The LASTING Project is led by the Friedman School of Nutrition Science and Policy at Tufts University, in partnership with collaborators at Boston University, The University of Nottingham’s Rights Lab, College of William & Mary, and the United States Department of Agriculture. We are an interdisciplinary team of food system scientists, policy experts, economists, engineers, and epidemiologists. We take a team science approach that creates a rich environment designed to foster research, learning, and professional development to train the next generation of researchers within this dynamic space.

Principal Investigators

Nicole Tichenor Blackstone, Managing PI

Dr. Nicole Tichenor Blackstone is an Assistant Professor in the Division of Agriculture, Food, and Environment at the Friedman School of Nutrition Science and Policy at Tufts University. Nicole’s research focuses on developing and evaluating strategies to improve food system sustainability. Her work fuses industrial ecology, nutrition, and social science methods. To date, her research has explored the environmental and social implications of livestock agriculture, human diets, food waste management, and regional food systems. She is the lead PI of the LASTING Project as well as a co-lead on Aim 3 which focuses on modeling the sustainability outcomes of shifting diets.

Sean Cash, PI

Dr. Sean Cash is the Bergstrom Foundation Professor of Global Nutrition and an Associate Professor at the Friedman School of Nutrition Science and Policy at Tufts University. He is an economist who teaches and conducts research on food, nutrition behavior, agriculture and the  environment.  His research focuses on how food, nutrition, and environmental interventions and policies affect consumers. He has also conducted research in sustainable food systems, including projects on climate change and coffee and tea production, cellular agriculture, and invasive species management. He is leading Aim 2 of the LASTING Project focused on consumer and expert preferences and contributing to economic analysis across the aims.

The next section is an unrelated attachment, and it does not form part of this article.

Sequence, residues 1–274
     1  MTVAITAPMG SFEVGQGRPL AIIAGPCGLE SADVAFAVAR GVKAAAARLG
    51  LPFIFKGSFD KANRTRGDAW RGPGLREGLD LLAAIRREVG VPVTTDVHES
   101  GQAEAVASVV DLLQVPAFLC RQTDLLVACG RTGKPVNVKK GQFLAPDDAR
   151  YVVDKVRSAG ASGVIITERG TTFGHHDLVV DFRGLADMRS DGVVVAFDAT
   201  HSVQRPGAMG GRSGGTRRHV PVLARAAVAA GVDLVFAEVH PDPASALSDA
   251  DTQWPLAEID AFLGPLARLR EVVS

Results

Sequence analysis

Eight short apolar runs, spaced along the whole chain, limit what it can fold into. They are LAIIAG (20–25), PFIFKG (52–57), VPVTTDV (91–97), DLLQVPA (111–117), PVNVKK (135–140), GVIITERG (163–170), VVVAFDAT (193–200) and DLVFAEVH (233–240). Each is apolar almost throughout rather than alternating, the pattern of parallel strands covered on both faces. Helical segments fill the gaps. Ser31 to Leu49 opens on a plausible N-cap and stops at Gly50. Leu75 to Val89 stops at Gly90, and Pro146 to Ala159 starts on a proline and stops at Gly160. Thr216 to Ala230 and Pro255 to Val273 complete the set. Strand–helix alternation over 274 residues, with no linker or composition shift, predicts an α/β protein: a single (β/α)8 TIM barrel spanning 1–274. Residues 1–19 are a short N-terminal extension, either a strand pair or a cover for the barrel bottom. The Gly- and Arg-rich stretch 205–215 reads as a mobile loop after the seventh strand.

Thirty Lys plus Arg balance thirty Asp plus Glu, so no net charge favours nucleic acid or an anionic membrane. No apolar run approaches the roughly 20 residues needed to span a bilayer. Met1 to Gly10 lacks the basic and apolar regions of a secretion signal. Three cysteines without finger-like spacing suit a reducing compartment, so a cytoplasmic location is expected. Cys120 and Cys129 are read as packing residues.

Patrick Webb, PI

Dr. Patrick Webb is a Professor with the Friedman School of Nutrition Science and Policy at Tufts University. He is a scholar-practitioner who has worked extensively on food security policy and practice, nutrition, agricultural development, humanitarian emergencies, and climate change interactions with food systems. He currently manages several large projects, including Feed the Future’s Food Systems for Nutrition Innovation Lab, while also serving a co-lead of the Food, Water and Air (FWA) technical hub for USAID’s STOP Zoonosis Spillover activity. He is leading Aim 1 of the LASTING Project focused on a review to identify the gaps in diet sustainability research.

Fang Fang Zhang, PI

Dr. Fang Fang Zhang is a cancer epidemiologist with experience in conducting population-based studies to investigate the role of nutrition in cancer prevention and control. She has led pioneer studies investigating patterns of weight gain during and after cancer treatment and associated risk factors such as dietary intake and levels of energy expenditure in pediatric survivors of acute lymphoblastic leukemia, the most common cancer diagnosed in children. An interdisciplinary team lead by Dr. Zhang has recently completed the development of a web- and mobile-based nutrition intervention program to help parents transition family into healthy eating and active living as soon as the child completes early stage of cancer treatment. She is a co-lead on Aim 3 which focuses on modeling the sustainability outcomes of shifting diets.

Tufts Team Members

Jessica Sparks, Assistant Professor